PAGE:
• In 23 states, colleges set their own firearm policy. Across these states, almost every school has chosen not to allow guns on campus: AL, AK, AZ, AR, CT, DE, HI, IN, IA, KS, KY, ME, MD, MT, ND, NH, PA, RI, SD, VT, VA, WA, WV Alabama: University of South Alabama, “Student Handbook 2012-2013,” available at http://www.southalabama.edu/lowdown/pdf/lowdown.pdf: “The possession or use of explosives, firearms, and or other dangerous weapons are prohibited”; Alaska: Regents’ Policy and University Regulation, R02.09.020, available at http://www.alaska.edu/bor/policy-regulations/": “Loaded or unloaded firearms may not be carried or stored on university property”; Arizona: Arizona Board of Regents, A.A.C. § R7-4-102(3): Unauthorized use, possession or storage of any weapon, explosive device or fireworks on the university campus or at a university-sponsored activity; Arkansas: A.C.A. §§ 5-73-11, 5-73-306. A 2013 law allows faculty at Arkansas schools to carry concealed weapons, but allows schools to opt out of the law. Schools that opt out must do so on an annual basis. A.C.A. § 5-73-322; Delaware: 14 Del. C. § 9004(b)(6); Connecticut: Southern Connecticut State University, “2012 Uniform Campus Crime and Fire Safety Report,” available at https://www.southernct.edu/universitypolice/uploads/textWidget/wysiwyg/documents/CleryReport_FINAL_WEB.pdf: “The University prohibits employees and students or their guests from possessing or storing firearms on campus”; Delaware: 14 Del. C. § 9004(b)(6); Hawaii: The University of Hawaii at Manoa, “Campus Annual Crime Report 2010,” available at http://manoa.hawaii.edu/housing/guide/reshallpolicies: “The possession of illegal and dangerous weapons [including firearms] on University premises is strictly prohibited”; Iowa: Regulations written by the Regents Board, codified at 681 IAC § 9.1(2)(g), bars “use or possession on the campus or at or during any university-authorized function or event of firearms…”; Indiana: Indiana University, “Code of Student Rights, Responsibilities, and Conduct,” available at http://www.iu.edu/~code/code/responsibilities/personal/index.shtml: “[P]ossession or display of any firearm on university property” is prohibited; Kansas: K.S.A. § 75-7c10(a)(11). A 2013 law (2013 Kan. ALS 105) allows permit holders to carry on campuses, but allows schools to opt out of those provisions. However, schools may freely opt out only for a maximum of four years, after which time opting out will only be possible if the schools set up rigorous security measures.; Kentucky: KRS § 237.115(1). Pursuant to a 2012 Kentucky Supreme Court decision, universities may not ban firearms in vehicles. Mitchell v. University of Kentucky, 366 S.W.3d 895 (Ky. 2012); Maine: 20-A M.R.S. § 10009; Maryland: University of Maryland, Policies and Procedures Section XI – 2.00(A)(1), available at http://cf.umaryland.edu/umpolicies/usmpolicyInfo.cfm?polid=368 : “The University of Maryland, Baltimore (UMB) prohibits the carrying of guns, firearms, ammunition, other weapons, or replicas of weapons at the UMB campus”; Montana: The state constitution provides that the Board of Regents has “full power, responsibility, and authority to supervise, coordinate, manage and control” the school system. Mont. Const., Art. X § 9. Governor Steve Bullock and counsel for the state Legislative Services Division have both opined that this provision enables schools to regulate firearms, and prevents the legislature from limiting that authority; New Hampshire: University of New Hampshire Administrative Policies IIIJ, available at http://www.usnh.edu/olpm/UNH/III.Admin/J.htm: “The use and possession of all firearms…are prohibited on the Durham and Manchester core campuses of the University of New Hampshire”; North Dakota: North Dakota State University, Policy Manual, Section 706(4), available at http://www.ndsu.edu/fileadmin/policy/706.pdf: “Unauthorized possession or use of weapons on University owned or controlled property is prohibited, unless permission for possession and/or use has been granted by an appropriate University official”; Pennsylvania: Penn State Policy SY12, available at http://guru.psu.edu/policies/sy12.html: “The possession, carrying, or use of any weapon, ammunition, or explosive by any person is prohibited on all University property except by authorized law enforcement officers and other persons specifically authorized by the University”; Rhode Island: University of Rhode Island, “The University of Rhode Island 2012-2014 Student Handbook,” available at http://www.uri.edu/judicial/assets/URI_Student_Handbook_2012-2014.pdf: “On-campus possession of firearms…is prohibited”; South Dakota: South Dakota Board of Regents Policy Manual, Student Conduct Code 3:4(2)(B)(19), available at : “Illegal or unauthorized possession of firearms” is prohibited; Vermont: University of Vermont Policy V. 4.1.6.2, available at http://www.uvm.edu/policies/general_html/firearms.pdf: “The possession of firearms…is prohibited on UVM property and facilities”; Virginia: The state Supreme Court has ruled that public schools are authorized by state law to prohibit carrying on university property in buildings and at events. The court also ruled that university regulation of firearms is not prohibited by either the state or federal constitution. DiGiacinto v. The Rector and Visitors of George Mason University, 281 Va. 127 (Va. 2011). The state Attorney General has opined that state law also allows schools to regulate carrying generally by students and employees. 2006 Va. AG LEXIS 3; Washington: Pursuant to Rev. Code Wash. § 28B.20.130, Washington schools have written regulations prohibiting firearms. See WAC §§ 106-120-027, 478-124-020.; West Virginia: W. Va. Code § 61-7-14 authorizes any entity that controls real property to prohibit carry.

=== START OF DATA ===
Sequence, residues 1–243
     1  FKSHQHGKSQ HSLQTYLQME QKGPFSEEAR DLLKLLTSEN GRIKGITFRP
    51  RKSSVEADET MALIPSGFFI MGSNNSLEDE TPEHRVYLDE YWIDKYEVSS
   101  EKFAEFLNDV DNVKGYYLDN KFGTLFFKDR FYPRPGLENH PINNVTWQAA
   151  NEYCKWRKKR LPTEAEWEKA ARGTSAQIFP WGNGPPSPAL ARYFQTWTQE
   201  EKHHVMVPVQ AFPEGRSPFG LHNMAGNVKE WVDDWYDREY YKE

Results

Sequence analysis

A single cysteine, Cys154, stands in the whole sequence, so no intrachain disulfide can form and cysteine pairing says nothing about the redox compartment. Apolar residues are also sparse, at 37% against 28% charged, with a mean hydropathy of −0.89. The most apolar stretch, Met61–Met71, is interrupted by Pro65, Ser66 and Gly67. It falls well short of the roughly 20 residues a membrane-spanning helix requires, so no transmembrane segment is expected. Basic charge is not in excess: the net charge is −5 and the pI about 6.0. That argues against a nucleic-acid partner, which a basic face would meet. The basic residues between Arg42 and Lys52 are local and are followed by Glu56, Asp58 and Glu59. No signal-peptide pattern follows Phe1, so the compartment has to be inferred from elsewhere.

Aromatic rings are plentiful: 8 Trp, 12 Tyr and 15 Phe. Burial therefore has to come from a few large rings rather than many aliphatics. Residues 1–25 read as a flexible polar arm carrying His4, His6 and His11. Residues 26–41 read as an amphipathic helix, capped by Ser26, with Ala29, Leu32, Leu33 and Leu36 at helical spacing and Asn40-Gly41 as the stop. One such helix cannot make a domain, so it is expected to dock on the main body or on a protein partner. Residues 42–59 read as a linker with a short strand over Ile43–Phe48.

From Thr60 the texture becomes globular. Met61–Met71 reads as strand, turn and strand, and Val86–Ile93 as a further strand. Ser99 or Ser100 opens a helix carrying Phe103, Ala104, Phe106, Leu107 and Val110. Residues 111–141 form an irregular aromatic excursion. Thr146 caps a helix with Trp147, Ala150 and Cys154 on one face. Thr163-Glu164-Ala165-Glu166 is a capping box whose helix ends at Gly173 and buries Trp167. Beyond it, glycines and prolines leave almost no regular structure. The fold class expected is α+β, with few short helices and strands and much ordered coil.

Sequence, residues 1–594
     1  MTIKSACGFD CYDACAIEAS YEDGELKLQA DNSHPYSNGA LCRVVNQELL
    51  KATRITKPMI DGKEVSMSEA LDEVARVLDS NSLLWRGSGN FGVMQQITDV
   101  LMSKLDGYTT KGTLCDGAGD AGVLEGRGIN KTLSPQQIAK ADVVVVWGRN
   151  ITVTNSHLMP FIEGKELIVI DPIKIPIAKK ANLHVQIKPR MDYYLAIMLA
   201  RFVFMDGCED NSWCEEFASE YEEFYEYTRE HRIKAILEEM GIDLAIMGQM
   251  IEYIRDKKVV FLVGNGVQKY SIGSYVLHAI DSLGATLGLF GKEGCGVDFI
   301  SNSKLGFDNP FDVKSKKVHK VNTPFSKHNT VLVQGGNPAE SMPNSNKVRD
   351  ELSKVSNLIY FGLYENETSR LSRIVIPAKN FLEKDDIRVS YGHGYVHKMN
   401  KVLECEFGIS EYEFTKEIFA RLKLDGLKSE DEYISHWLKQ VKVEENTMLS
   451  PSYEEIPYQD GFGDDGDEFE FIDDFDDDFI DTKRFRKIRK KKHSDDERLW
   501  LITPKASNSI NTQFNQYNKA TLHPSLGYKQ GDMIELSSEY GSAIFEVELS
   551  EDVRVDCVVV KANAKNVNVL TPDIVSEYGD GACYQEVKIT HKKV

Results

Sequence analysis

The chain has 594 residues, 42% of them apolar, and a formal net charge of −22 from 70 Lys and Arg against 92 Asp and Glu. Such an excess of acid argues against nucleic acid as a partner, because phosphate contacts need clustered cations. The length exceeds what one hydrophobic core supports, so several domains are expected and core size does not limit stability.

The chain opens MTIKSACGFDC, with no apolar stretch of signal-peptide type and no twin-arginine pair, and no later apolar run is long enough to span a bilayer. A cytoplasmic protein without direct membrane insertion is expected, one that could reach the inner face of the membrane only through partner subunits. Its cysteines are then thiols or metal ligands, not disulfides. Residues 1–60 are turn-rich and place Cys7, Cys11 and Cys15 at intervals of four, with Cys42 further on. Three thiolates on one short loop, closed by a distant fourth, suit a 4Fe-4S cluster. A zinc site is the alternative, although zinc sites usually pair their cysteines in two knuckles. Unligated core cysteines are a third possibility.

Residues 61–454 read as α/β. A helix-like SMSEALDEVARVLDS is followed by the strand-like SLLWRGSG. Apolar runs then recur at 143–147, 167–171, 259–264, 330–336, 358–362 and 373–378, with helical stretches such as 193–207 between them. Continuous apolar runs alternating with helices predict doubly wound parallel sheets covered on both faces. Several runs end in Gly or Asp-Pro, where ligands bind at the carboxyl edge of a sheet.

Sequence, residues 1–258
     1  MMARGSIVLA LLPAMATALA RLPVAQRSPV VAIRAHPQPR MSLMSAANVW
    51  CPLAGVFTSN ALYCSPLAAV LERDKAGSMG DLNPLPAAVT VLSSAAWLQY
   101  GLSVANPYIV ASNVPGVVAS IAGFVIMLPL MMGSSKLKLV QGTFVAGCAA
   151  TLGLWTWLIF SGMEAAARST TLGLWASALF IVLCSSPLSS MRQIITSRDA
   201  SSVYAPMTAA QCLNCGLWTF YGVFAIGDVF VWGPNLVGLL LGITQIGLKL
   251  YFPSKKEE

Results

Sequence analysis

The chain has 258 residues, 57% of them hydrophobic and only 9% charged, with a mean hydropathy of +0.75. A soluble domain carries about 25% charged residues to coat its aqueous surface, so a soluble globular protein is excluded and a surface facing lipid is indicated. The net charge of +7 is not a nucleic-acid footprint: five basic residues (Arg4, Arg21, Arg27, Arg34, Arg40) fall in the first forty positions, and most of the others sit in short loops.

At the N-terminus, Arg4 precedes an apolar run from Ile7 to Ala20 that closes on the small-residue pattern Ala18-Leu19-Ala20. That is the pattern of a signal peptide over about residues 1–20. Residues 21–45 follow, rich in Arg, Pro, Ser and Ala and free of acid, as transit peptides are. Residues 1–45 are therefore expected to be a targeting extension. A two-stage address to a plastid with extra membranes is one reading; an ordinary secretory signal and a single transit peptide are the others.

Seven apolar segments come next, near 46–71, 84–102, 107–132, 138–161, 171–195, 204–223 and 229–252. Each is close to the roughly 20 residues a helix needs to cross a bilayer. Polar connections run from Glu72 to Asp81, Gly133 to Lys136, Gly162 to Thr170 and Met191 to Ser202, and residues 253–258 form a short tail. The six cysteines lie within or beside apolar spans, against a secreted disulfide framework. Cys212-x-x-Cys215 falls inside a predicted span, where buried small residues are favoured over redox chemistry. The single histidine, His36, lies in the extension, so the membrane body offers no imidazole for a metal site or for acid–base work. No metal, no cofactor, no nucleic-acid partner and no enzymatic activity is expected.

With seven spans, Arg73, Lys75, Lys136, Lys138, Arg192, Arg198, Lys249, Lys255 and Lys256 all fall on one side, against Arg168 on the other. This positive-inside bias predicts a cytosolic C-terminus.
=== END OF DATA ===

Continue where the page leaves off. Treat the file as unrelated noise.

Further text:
• 7 states require colleges to allow guns on campus in some circumstances: ID, MN, MS, OR, TN, TX, WIIn Idaho and Mississippi, only people with “enhanced” carry permits may carry guns on campus. Idaho: 2014 SB 1254; Mississippi: 2011 Miss. ALS 338, codified at Miss. Code Ann. §§ 45-9-101(13), 97-37-7(2). Colleges and universities in Oregon and Wisconsin must allow guns on campus but prohibit them in university buildings. Oregon: Oregon Firearms Educational Foundation v. Board of Higher Education et al., 245 Ore. App. 713 (2011), Or. Rev. Stat. § 351.060; Wisconsin: Wis. Stat. §§ 943.13(1m)(c), (bm)(2)(am), Wis. Adm. Code UWS 18.10. In Texas, university presidents may establish reasonable rules regarding the carrying of concealed handguns by permit holders, as long as the rules don’t generally prohibit permit holders from carrying concealed handguns on the campus. Texas: Texas Gov’t Code § 411.2031(d-1). In Minnesota, colleges and universities must allow guns on campus but may prohibit students and employees from carrying on campus. Minnesota: Minn. Stat. § 624.714 Subd. 18. In Tennessee, colleges and universities must allow full-time employees to carry guns on the campus where they work. Colleges and universities are allowed to prohibit full-time employees from carrying guns in certain specified buildings and areas on campus. Tennessee: 2016 S.B. 2376, codified at §§ 39-17-1309 (11) – (13).